Since the travel time index and other measures of congestion are based on calculations, not actual measurements of congestion, they need to be taken with a few grains of salt. The raw data are a little more reliable, as they are estimates made by state and local highway departments based on traffic counts.
The raw data indicate that per capita driving grew by an average of 33 percent in the 75 urban areas reported. The highest growth rates of per capita driving were:
St. Louis 86% Pensacola 84% Portland 83% Albany 78% Birmingham 75% Atlanta 72%
Thus, smart growth and light-rail have not had much of an effect on driving in Portland or St. Louis.
On the other hand, Houston, which enjoyed a 79-percent increase in freeway lane miles, had only a 26-percent increase in per capita driving. Perhaps Houston driving is tempered by the fact that many of the new "freeways" are actually tollways.
A recent report from a smart-growth group disputes the claim that urban road construction has not kept up with urban traffic growth. But these data indicate that major highways have failed to keep up with congestion.
In the 75 areas reported by TTI, total driving grew by 71 percent but total road miles grew by only 33 percent. The claim that total road miles is the wrong measure is valid since most driving is done on only a few roads. In the 75 areas reported by TTI, 40 percent of all driving is done on the freeways and another 24 percent is done on the principle arterials. Yet the table below shows that driving on both freeways and principle arterials grew far faster than the lane miles of such roads available.
Percent Growth in Driving and Lane Miles Driving Lane Miles* Freeways 106 40 Arterials 64 36 All roads 71 33 * Centerline miles in the case of all roads
Of course, if there is a surplus of freeway and arterial capacity, there is no need for new construction to keep up with driving. But TTI data indicate that most of the urban areas in TTI's study were already suffering congestion (as measured by the travel time index) in 1982, when the study began. Thus, there was no surplus in road capacity.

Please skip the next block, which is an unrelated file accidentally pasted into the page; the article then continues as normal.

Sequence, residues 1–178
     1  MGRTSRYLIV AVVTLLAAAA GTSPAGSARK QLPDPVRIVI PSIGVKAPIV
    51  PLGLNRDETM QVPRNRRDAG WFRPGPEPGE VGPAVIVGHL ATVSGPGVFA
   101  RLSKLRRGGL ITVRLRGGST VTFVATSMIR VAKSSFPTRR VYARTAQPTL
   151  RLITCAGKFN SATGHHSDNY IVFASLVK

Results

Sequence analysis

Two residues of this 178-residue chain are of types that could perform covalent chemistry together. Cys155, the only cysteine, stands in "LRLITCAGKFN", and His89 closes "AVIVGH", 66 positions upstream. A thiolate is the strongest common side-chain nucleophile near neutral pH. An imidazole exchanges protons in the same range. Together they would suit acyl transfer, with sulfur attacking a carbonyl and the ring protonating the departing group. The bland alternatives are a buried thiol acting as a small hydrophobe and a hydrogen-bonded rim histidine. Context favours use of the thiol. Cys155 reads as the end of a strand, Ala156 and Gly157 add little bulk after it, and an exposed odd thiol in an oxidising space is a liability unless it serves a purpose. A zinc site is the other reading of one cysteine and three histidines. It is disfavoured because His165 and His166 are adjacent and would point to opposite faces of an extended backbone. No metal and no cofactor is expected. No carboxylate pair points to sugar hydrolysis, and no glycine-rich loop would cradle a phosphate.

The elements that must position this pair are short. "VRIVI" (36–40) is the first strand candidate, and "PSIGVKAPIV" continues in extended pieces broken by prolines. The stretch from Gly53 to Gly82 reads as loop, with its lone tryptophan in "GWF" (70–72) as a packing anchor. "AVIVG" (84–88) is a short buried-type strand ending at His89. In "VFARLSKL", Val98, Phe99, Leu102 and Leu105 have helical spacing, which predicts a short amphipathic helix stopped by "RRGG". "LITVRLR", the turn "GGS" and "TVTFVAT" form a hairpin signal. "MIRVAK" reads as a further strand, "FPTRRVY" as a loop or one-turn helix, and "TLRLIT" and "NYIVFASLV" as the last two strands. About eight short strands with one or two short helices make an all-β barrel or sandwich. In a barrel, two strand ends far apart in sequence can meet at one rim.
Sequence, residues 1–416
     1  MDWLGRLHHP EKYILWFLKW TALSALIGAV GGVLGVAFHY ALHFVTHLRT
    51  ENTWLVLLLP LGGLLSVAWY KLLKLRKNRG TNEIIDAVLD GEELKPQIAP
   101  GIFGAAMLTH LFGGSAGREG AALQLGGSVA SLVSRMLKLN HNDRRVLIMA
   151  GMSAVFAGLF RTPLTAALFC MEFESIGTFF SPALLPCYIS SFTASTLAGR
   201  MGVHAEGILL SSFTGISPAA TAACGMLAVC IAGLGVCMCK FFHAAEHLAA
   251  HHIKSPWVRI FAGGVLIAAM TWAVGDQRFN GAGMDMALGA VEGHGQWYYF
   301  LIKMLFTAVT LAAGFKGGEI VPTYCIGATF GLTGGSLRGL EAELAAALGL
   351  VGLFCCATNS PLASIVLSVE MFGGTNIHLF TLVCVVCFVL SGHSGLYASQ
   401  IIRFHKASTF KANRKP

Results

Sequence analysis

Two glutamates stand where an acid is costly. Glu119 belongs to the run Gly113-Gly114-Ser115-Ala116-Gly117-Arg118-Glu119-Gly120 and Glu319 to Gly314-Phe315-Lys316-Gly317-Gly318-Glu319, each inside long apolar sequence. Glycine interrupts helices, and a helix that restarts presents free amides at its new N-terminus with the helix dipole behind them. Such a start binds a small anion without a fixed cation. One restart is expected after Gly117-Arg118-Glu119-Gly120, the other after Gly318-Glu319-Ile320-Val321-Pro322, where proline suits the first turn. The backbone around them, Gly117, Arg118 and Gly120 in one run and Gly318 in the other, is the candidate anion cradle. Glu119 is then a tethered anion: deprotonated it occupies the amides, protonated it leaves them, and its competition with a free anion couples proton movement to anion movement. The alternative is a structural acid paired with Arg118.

Another way of dealing with congestion that could reduce the amount of needed new road construction is to charge congestion tolls. Such tolls would not only reduce peak demand but would provide funds to build any new roads that might still be needed.
This raises the question: Does building roads lead people to drive more? We can estimate the correlation between the growth in roads with the growth of driving in several ways, including:
R represents the correlation between two sets of data. An R of 1 is perfectly correlated, for example (1, 2, 3, 4) and (2, 4, 6, 8). Two sets of 76 random numbers can easily generate Rs as high as 0.1, so an R that is less than 0.1 isn't any better than random.
Thus, building more freeways does correlate with (and may contribute to) more freeway driving. But freeway construction has less of a correlation with total driving. Freeway construction and total road construction have virtually no correlation with per capita driving.
Other studies that claim to find that road construction "induces" more driving may have actually measured something else, such as increased driving due to population growth, income, or other factors.